THE WRECKER by David Skinner
Kirkus Star

THE WRECKER

By
Email this review

KIRKUS REVIEW

A mind-bender-cum-novel, set against the bleak landscapes of schoolyard bullying. Theo is tormented by a vicious boy, Jeffrey, and wants revenge. He doesn't just want to kill him or set him up, he wants to wreck him--destroy his mind and soul. Unfortunately for Jeffrey, Theo has a talent for creating devices, a talent that goes beyond genius, beyond artistry: It approaches the metaphysical. When he enlists new kid Michael as his ally, Michael is at once intrigued and terrified. Theo's new device, a wrecker, turns out to be more than either of them had imagined. Skinner's You Must Kiss a Whale (1992), was, like this one, weird. His characters and situations are once again, bizarrely familiar, and his style is unique and compellingly odd. Michael is realistically drawn. He is introspective, struggling with self-doubt, a nice kid; Theo, on the other hand, stepped out of a Dali painting. Michael (and the reader) is mesmerized, wants to know and understand Theo better, yet never does. The descriptions of Theo's method of working and of the machines themselves, are strange and haunting; the outcome immensely satisfying and will linger in the mind. Skinner stretches the boundaries of children's fiction with an unforgettable story.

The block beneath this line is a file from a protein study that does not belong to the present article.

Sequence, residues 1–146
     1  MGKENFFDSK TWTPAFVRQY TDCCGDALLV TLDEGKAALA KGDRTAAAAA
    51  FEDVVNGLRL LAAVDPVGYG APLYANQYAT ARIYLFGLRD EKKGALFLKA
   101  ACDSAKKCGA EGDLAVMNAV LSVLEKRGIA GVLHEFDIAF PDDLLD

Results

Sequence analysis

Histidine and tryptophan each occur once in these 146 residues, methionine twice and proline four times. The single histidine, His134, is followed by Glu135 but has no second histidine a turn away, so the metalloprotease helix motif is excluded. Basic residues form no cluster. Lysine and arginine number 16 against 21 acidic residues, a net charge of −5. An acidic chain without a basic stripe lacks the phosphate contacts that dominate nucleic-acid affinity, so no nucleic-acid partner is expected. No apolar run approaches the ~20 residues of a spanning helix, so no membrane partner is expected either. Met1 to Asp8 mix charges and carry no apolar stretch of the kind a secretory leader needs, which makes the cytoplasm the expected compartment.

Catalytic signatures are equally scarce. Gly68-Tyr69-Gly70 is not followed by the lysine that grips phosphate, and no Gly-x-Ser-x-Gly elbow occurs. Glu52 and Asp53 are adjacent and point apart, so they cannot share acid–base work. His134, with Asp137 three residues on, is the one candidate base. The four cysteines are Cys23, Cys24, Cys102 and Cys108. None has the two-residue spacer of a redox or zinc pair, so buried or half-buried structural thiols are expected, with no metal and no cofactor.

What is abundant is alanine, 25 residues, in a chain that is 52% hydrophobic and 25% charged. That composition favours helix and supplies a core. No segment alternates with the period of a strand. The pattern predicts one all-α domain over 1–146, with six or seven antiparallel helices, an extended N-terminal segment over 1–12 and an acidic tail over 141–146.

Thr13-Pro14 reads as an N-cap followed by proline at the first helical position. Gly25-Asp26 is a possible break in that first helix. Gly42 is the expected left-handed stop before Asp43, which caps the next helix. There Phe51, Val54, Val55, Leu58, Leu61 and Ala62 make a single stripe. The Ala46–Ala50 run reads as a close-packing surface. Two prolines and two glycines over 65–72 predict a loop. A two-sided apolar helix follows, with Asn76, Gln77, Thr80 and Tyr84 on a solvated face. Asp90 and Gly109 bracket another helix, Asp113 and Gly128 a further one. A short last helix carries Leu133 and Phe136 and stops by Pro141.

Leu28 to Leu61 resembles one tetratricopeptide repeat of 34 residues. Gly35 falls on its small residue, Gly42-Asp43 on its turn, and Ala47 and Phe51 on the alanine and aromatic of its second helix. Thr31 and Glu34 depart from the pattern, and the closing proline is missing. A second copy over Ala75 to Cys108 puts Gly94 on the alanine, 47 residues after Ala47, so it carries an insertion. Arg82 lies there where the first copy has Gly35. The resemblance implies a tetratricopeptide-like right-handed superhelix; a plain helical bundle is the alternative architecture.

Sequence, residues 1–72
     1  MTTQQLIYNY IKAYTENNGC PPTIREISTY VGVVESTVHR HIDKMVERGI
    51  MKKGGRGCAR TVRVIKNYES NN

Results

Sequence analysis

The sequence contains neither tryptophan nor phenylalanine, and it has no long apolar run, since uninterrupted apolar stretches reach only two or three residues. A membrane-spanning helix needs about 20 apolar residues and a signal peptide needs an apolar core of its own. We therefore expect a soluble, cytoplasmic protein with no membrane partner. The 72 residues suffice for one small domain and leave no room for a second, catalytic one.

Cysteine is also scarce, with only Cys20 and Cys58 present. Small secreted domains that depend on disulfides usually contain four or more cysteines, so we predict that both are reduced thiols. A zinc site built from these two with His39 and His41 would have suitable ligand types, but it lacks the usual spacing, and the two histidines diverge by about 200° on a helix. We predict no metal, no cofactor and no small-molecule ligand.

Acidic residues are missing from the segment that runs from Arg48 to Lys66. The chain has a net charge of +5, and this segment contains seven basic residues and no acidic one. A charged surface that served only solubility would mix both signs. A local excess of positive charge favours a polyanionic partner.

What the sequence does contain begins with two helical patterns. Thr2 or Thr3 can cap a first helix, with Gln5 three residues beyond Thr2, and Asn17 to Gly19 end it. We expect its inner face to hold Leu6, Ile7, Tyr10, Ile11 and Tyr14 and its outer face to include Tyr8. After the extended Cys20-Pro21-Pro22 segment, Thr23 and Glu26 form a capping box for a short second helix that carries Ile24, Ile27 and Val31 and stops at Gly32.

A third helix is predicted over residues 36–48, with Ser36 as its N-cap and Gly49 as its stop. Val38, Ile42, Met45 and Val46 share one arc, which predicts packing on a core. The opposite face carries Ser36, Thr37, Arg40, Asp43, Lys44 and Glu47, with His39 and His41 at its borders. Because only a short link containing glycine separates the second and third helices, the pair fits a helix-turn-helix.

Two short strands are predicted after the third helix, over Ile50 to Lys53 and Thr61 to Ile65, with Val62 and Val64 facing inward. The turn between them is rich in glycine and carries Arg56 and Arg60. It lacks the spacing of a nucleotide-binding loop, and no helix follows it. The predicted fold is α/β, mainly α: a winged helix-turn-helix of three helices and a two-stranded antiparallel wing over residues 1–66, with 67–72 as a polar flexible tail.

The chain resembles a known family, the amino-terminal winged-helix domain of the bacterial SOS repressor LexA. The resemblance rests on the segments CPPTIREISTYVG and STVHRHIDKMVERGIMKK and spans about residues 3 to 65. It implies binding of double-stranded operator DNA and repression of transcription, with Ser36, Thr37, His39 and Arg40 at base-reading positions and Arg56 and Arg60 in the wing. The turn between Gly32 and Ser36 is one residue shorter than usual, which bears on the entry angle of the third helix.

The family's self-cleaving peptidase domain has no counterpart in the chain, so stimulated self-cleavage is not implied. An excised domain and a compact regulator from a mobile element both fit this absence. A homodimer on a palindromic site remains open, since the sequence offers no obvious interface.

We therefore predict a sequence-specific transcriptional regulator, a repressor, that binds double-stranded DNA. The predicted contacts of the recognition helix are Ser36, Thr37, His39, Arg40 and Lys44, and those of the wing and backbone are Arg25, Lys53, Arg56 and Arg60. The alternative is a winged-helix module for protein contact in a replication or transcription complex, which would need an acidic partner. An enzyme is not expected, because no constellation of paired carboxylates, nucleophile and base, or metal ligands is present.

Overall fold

Pub Date: July 1st, 1995
Page count: 106pp
Publisher: Simon & Schuster